Virginia Burgardt blames Nestlé Purina PetCare, the second largest selling pet food maker behind Mars Petcare, for nearly killing her Great Dane earlier this year.
“Skye was vomiting, had diarrhea and losing weight,” said the 54-year-old from Wichita, Kansas, who explained that she has fed two-year-old Skye Purina’s Beneful products for most of the dog’s life.
“Over time, she kept getting sicker and sicker and finally wouldn’t eat,” Burgardt said. “I thought she was going to die.” It was soon after taking Skye to her veterinarian and having tests that according to Burgardt, show traces of antifreeze in the dog’s system. And so Burgardt joined a lawsuit against Purina PetCare. Her dog, she says, “is alive but not well. It’s been very upsetting. I know it was all because of Beneful.”
The suit, originally filed last February by Frank Lucido of California and then amended in June, alleged Purina failed to disclose that Beneful contains dangerous substances, such as mycotoxins and industrial-grade glycols, which are found in some antifreeze products and in human food.
Nestle’s Purina blasted the lawsuit as “false” and “unsubstantiated,” and stated that the products don’t contain “industrial grade glycol.” “There are no quality issues with Beneful,” the company said.
In the original suit, Lucido claims one of his dogs died from eating Beneful while two others became seriously ill. Beneful has been on pet store shelves since 2001. Purina PetCare, which recently bought organic pet food maker Merrick Pet Care, has more than $11 billion in annual revenues. The suit seeks $5 million in damages.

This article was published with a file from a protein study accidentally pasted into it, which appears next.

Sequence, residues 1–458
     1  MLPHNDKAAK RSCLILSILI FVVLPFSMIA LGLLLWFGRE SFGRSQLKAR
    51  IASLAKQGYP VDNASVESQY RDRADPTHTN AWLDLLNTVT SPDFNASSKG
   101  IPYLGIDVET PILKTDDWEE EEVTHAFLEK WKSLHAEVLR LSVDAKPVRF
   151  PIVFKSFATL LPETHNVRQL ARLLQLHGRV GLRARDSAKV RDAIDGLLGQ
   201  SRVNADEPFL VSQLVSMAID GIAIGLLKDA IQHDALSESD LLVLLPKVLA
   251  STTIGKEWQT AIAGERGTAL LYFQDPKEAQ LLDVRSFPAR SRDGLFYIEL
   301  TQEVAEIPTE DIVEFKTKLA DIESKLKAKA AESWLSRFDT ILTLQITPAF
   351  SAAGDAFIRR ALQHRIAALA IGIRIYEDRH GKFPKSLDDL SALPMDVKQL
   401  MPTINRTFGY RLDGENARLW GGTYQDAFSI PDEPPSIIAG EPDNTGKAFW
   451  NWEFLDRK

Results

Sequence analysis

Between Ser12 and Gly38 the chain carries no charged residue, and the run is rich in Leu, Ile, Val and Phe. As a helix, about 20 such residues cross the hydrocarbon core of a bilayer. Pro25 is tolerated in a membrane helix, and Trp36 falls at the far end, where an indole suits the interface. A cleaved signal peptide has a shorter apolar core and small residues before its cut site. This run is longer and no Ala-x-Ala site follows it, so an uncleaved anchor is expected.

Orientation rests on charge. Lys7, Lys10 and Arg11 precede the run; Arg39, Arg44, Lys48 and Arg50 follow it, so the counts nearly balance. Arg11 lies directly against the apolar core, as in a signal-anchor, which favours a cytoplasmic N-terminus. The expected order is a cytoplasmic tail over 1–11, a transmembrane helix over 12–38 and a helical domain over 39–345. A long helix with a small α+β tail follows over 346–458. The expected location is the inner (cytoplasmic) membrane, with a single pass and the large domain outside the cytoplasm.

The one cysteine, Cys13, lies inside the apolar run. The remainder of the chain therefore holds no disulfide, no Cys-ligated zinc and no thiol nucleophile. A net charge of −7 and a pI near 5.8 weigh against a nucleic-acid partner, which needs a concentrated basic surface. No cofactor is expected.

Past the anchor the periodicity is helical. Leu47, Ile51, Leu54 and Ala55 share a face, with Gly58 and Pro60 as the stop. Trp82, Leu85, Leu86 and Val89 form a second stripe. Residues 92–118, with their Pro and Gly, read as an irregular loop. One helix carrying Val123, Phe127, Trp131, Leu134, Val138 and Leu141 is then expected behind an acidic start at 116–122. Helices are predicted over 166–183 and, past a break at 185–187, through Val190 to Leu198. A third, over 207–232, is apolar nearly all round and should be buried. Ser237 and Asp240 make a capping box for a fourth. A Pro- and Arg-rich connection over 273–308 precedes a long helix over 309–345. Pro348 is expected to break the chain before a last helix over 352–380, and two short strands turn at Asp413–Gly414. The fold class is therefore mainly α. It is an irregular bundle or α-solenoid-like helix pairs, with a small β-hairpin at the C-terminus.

According to the lawsuit, in the past four years, there have been more than 3,000 complaints online by people saying that feeding their dogs Beneful products resulted in sickness or death. The site, ConsumerAffairs.com, contains more than a 1,000 consumer reviews of Beneful, many of them claiming their dogs were made gravely ill after eating the product.
“There’s absolutely no link between Beneful and pet illness,” said Wendy Vlieks, director of corporate public relations for Nestlé Purina’s Petcare, who added that some 15 million dogs a year eat Beneful products. “We think there’s a lot of confusion and misinformation over this due to social media.”
The original lawsuit listed just Lucido and eight other dog owners whose pets were made ill or died. In June, the lawsuit was amended to include 26 additional plaintiffs. “We want the people who were hurt by feeding Beneful to their pets to receive some compensation for their loss,” said Jeffrey Cereghino, a partner at Ram, Olson, Cereghino & Kopczynski and one of the plaintiffs’ lawyers. He’s filed a motion to have the suit be a class-action case.
Purina contends the lawsuit is without merit and their products are completely safe. Last month, the company launched a national campaign to defend Beneful, which is called, “I stand behind Beneful.” “Beneful is a safe, nutritious, high-quality dog food,” the company said, adding it looks forward to proving the case in court.
Pet food recalls
Purina isn’t the only pet food maker under fire. Last Friday, Nature’s Variety announced it’s voluntarily recalling its Instinct Raw Chicken Formula for dogs with a “Best By” date of 04/27/16 due to possible Salmonella contamination. Pet owners feeding the affected product to their animals are urged to discontinue use and monitor their pet’s health.
The Federal Drug Administration regulates pet food and FDA spokesperson JuliAnn Putnam said “it must be safe and properly labeled.” But there is no requirement that pet food products have pre-market approval by the FDA, according to the agency’s website. And critics claim food labeled as safe is really not because the FDA doesn’t really do much inspection.